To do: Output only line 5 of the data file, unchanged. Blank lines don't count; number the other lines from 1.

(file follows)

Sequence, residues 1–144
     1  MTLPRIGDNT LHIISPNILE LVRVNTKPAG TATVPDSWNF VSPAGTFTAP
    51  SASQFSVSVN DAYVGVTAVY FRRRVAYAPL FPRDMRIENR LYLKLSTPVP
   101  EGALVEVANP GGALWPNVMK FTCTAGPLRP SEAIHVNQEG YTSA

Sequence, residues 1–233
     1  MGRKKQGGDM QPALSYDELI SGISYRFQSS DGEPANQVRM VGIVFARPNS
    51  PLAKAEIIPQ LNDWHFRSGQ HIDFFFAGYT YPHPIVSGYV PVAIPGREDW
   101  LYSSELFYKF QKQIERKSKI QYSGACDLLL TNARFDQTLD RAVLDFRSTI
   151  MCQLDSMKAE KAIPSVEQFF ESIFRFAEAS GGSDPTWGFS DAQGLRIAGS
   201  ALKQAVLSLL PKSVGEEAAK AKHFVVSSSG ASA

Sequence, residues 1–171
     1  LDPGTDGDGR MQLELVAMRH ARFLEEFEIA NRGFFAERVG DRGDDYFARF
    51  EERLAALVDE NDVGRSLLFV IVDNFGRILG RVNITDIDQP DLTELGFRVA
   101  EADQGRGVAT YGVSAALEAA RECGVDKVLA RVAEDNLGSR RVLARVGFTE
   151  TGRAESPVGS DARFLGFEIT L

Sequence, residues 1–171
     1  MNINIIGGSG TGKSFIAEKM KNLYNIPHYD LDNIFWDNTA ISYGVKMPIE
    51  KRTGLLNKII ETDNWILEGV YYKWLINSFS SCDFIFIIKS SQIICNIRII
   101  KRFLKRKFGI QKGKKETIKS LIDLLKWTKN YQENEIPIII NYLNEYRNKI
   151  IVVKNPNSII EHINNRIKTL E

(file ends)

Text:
Sequence, residues 1–233